Future of Work6 minute read

Remote, not re-moat

In the name of “returning to normal,” companies are forcing employees back into the office, locking out both themselves and their employees from working remotely—and all of the benefits that it brings.

Taso Du Val
CEO of Toptal

As Toptal’s Chief Executive Officer, Taso manages Toptal’s core team of hundreds of team members distributed throughout the world, with a focus on innovation. Since Toptal was founded in 2010, Taso has led it to become the largest high-skilled, on-demand talent network in the world. Taso serves on the board of multiple organizations, advising on talent strategy and innovation for Fortune 100s and nonprofits. Taso has guest lectured at Harvard Business School, Wharton, and Oxford on talent management and entrepreneurship.


As the pandemic winds down in many places around the globe, CEOs like Morgan Stanley’s James Gorman and WeWork’s Sandeep Mathrani are pushing for a return to the office. The backlash has been swift and severe. Many employees simply don’t want to go back into the office today, tomorrow, or ever, with 39% stating they would consider quitting their jobs rather than sacrifice flexibility. That number increases to over 49% for millennials and members of Generation Z, which account for more than half of all US workers.

This spells trouble for organizations with an attachment to pre-pandemic ways of operating, and presents an incredible opportunity for companies that embrace remote work. It seems very clear that companies that embrace remote work—prioritizing flexibility and skill over physical presence—will have access to a significantly larger pool of talent relative to pre-pandemic times.

Any so-called “return to normal” ignores the fact that younger workers, parents, and caregivers are no longer willing to sacrifice a manageable personal and family life for the sake of their careers. Women in particular are leaving the workplace fast, with further studies supporting this finding. This doesn’t even consider the millions of college graduates and young workers who strongly prefer remote work. Combine these factors with the thousands of companies that have responded to the above facts by embracing remote work and hiring away these individuals from the very companies that are “returning to normal,” and the new normal becomes obvious.

This almost comical situation is likely to persist, all the while companies refusing to adapt focus singularly on reentry planning, real estate expenses, and other efforts that amount to an attempt to sustain—quite literally—a prehistoric normal.

Proper Remote Work Works

The pandemic revealed with perfect clarity that innovation and productivity do not require in-person gatherings. Though instead of building upon those learnings, many companies are investing time and money into figuring out a way to force workers back into an outdated mode of operating. Capitalizing on this absurdity is how thousands of companies that understand remote work have responded, tailoring their work environment to the desires of these workers, and hiring them away from companies that are refusing to adapt.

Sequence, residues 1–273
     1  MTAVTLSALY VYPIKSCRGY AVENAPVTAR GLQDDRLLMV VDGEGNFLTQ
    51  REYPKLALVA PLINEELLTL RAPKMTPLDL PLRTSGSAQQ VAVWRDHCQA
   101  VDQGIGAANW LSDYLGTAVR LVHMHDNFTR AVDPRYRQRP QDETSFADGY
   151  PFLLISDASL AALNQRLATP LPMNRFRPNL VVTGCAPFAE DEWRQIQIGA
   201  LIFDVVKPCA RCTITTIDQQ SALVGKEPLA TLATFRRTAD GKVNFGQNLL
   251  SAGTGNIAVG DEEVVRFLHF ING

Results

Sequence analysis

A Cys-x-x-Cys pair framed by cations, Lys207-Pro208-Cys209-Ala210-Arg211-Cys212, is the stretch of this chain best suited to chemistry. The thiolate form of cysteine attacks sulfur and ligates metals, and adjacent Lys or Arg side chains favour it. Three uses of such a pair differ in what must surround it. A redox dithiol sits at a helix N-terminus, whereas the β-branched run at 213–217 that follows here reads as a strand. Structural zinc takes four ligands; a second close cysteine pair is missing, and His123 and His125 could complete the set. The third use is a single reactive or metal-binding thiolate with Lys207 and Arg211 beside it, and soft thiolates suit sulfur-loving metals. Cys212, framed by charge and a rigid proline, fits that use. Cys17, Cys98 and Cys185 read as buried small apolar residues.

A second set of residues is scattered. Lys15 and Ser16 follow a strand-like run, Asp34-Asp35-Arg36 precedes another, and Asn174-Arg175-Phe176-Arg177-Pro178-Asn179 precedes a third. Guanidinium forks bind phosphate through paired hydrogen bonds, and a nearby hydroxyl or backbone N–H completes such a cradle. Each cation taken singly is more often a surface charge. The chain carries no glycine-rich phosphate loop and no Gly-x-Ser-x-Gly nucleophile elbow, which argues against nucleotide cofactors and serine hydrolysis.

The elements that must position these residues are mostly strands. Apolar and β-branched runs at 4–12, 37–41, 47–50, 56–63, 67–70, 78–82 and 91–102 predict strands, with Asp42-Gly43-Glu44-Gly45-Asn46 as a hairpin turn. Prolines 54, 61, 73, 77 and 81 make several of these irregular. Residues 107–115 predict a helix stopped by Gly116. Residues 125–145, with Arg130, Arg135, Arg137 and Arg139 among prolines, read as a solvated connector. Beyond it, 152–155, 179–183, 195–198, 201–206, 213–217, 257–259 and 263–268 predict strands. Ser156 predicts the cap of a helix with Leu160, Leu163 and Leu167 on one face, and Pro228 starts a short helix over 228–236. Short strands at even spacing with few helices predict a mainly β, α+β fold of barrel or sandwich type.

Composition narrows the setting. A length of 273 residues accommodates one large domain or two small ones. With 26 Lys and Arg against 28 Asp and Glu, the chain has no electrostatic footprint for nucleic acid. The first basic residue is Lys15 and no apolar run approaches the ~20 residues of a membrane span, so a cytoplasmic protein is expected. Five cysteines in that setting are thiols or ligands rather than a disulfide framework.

Knowing what infrastructure, metrics, and practices to focus on is key to running a remote company successfully, and often such elements are not set up properly for companies that are not used to working in a remote environment. As such, older companies often blame remote work, rather than their lack of understanding on how to work remotely successfully as a key reason for it not working well.

As just one example, in a remote company it’s important to properly measure productivity, not presence; a metric that companies often get wrong and prevents them from making the transition to remote work successfully. If your employees aren’t thriving remotely, you need to reexamine your accountability and leadership strategies, not your office. Ask yourself whether you’ve truly set up an organizational model for successful remote work.

Companies that have experienced pain with the above simply have not set up their organization for remote work adequately. A fully proper setup generally separates a successful remote work experience versus one that amounts to needing to force people back into an office.

January 2020, Thomson Reuters Multigenerational Workforce Panel at the World Economic Forum in Davos, Switzerland.
From left to right: Lareina Yee, Senior Partner and Chief Diversity and Inclusion Officer at McKinsey; Taso Du Val, Chief Executive Officer at Toptal; Tae Yoo, Senior Vice President of Corporate Affairs and Corporate Social Responsibility at Cisco; Othman Laraki, Chief Executive Officer at Color Genomics.

Access to a Global Talent Pool